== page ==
Virtually no studies exist on Berber culture and society in English; studies of the Berber language in English are even rarer. This comes as no surprise when one considers that France either colonized (Algeria), invaded (Egypt), or made a protectorate (Morocco) of every country with a Berber-speaking population, making French the principal language of Berber studies. In the course of their conquests, however, French officials made a point of documenting the 'manners and customs' of their subjects. In the nineteenth century in particular, Berber life became the source of great debate and mythology both within the community of Europeans who went to North Africa and those who lived in the metropole.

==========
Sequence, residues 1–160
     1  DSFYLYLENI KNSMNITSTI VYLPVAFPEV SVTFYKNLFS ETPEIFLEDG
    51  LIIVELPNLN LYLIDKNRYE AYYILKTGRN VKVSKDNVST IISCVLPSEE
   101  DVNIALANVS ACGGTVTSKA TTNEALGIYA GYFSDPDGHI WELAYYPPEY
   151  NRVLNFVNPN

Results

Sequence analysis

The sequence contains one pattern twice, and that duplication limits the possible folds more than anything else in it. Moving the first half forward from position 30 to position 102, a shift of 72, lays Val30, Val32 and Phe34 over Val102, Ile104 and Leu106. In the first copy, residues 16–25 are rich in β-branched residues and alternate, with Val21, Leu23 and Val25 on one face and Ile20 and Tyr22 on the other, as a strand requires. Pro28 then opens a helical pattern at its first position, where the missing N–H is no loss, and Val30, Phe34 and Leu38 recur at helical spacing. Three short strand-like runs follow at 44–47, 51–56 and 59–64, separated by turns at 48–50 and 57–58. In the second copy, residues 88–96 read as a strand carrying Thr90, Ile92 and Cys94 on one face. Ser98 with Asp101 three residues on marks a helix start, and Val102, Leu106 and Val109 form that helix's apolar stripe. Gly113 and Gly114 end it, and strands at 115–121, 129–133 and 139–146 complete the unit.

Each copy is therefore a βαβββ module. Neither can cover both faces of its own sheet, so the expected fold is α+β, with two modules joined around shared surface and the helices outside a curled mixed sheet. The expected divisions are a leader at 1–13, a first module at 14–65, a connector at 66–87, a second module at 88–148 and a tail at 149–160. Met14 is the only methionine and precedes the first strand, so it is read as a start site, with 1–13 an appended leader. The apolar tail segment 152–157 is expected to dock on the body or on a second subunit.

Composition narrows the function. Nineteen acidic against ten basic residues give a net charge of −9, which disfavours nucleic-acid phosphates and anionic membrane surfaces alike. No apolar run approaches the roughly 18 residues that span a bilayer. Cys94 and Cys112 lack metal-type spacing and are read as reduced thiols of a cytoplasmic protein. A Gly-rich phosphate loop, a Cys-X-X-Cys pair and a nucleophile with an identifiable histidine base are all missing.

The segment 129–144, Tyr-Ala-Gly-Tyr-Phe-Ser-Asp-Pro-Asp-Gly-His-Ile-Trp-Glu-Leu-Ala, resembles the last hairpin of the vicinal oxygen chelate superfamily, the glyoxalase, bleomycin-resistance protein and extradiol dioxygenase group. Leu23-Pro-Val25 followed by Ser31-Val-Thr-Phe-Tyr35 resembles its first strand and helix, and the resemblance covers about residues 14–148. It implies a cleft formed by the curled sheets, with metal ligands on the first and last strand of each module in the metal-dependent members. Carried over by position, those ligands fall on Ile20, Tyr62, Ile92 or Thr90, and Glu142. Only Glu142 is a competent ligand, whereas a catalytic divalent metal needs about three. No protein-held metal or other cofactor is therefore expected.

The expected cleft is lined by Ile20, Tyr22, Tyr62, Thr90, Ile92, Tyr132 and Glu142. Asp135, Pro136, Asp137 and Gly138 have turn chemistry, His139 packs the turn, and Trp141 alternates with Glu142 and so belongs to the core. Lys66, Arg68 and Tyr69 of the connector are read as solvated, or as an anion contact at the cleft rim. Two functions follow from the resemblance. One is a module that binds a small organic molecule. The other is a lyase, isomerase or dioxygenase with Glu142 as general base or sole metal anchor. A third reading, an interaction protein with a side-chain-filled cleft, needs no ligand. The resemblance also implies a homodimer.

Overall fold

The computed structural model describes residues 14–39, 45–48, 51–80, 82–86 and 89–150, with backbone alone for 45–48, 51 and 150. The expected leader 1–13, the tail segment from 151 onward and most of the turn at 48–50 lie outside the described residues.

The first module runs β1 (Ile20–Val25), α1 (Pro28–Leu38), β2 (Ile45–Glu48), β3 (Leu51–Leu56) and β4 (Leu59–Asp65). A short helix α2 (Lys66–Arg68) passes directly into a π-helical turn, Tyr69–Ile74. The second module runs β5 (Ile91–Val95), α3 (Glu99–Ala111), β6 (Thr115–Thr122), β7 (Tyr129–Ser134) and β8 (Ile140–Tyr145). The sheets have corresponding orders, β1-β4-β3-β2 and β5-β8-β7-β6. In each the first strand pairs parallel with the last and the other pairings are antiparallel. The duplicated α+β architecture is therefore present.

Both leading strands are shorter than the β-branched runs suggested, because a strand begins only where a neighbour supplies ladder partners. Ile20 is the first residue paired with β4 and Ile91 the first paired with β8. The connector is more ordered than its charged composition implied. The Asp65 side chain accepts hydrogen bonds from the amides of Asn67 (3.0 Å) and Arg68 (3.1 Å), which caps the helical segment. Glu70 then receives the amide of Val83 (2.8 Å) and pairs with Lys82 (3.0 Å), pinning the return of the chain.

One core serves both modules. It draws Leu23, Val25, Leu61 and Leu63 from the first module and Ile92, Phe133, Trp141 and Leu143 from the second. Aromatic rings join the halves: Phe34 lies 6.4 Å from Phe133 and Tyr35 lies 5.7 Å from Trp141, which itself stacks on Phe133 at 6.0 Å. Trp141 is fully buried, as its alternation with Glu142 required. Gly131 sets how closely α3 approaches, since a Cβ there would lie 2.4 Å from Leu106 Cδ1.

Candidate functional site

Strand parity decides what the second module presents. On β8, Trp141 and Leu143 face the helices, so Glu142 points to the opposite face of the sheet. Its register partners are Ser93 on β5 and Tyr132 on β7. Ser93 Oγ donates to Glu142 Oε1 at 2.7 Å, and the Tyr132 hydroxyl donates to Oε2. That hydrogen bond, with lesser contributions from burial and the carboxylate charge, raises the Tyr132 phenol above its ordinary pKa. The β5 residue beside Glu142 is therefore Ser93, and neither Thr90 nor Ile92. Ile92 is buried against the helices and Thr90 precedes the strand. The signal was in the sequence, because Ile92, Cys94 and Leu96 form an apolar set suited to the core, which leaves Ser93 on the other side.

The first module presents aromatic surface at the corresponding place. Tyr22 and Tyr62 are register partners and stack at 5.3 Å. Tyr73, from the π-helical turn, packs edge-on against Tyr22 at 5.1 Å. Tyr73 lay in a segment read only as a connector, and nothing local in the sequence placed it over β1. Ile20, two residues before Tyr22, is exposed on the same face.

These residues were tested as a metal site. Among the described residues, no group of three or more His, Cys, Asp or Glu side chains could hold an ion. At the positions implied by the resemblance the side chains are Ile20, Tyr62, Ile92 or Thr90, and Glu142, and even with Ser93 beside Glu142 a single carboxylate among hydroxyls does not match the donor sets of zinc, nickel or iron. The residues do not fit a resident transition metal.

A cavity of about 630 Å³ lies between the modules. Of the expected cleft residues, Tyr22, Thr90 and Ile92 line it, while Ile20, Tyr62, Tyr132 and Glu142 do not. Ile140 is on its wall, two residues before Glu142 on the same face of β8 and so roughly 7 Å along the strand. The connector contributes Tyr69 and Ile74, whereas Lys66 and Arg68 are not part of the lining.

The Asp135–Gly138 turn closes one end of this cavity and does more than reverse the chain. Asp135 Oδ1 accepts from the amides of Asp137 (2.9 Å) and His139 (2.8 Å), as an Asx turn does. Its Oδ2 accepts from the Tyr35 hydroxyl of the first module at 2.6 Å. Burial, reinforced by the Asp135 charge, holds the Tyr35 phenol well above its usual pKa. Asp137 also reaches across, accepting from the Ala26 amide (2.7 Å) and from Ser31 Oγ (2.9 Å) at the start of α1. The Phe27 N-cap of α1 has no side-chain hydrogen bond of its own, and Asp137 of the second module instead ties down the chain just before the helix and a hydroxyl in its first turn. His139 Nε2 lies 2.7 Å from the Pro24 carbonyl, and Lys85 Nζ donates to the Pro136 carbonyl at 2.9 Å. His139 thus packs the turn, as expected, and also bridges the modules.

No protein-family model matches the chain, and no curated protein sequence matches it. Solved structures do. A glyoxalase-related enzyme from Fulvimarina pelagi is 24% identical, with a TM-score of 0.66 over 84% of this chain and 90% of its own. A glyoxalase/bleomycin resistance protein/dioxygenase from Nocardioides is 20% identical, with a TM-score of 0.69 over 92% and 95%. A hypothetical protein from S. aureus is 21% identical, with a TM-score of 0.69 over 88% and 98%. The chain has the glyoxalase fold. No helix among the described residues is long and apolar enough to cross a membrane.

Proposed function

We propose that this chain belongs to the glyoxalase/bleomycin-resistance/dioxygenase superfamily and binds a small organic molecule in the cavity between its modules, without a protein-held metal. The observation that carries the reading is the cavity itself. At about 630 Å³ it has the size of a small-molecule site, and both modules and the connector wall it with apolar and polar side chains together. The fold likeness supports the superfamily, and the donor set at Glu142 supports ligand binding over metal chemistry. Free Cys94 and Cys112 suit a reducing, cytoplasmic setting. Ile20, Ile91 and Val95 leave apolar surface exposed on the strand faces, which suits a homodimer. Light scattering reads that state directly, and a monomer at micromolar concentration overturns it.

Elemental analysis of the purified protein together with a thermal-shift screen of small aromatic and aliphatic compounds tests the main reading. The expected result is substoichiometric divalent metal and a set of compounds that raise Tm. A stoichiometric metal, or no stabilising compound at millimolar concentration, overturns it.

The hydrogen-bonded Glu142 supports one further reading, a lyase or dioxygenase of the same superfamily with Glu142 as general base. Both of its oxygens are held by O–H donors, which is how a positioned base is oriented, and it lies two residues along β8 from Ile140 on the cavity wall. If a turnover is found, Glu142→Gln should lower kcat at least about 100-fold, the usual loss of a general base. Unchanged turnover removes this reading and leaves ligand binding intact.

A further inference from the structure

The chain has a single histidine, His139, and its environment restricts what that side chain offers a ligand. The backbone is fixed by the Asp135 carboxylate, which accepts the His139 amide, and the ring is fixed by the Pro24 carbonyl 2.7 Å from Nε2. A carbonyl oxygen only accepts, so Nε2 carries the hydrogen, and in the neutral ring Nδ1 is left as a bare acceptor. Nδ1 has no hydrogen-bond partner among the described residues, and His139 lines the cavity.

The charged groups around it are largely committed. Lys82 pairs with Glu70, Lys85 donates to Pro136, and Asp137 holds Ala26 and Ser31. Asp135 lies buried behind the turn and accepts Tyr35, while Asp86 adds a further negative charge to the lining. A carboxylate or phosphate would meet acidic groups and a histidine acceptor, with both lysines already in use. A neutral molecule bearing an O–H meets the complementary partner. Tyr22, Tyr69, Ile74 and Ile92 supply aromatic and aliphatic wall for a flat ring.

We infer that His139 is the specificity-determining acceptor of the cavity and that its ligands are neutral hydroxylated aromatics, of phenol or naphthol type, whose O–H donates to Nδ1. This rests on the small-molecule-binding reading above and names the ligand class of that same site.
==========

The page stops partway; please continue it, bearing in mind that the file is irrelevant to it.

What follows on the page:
The Journal incorporates Sudanic Africa, retaining its focus on historical sources, bibliographies, and methodologies. Islamic Africa promotes interaction between scholars of Islam and Africa across all continents and across historical periods.
The Journal welcomes papers from the humanities and the social sciences on any aspect of Islam and Muslim life pertaining to Africa, or originating from the African continent.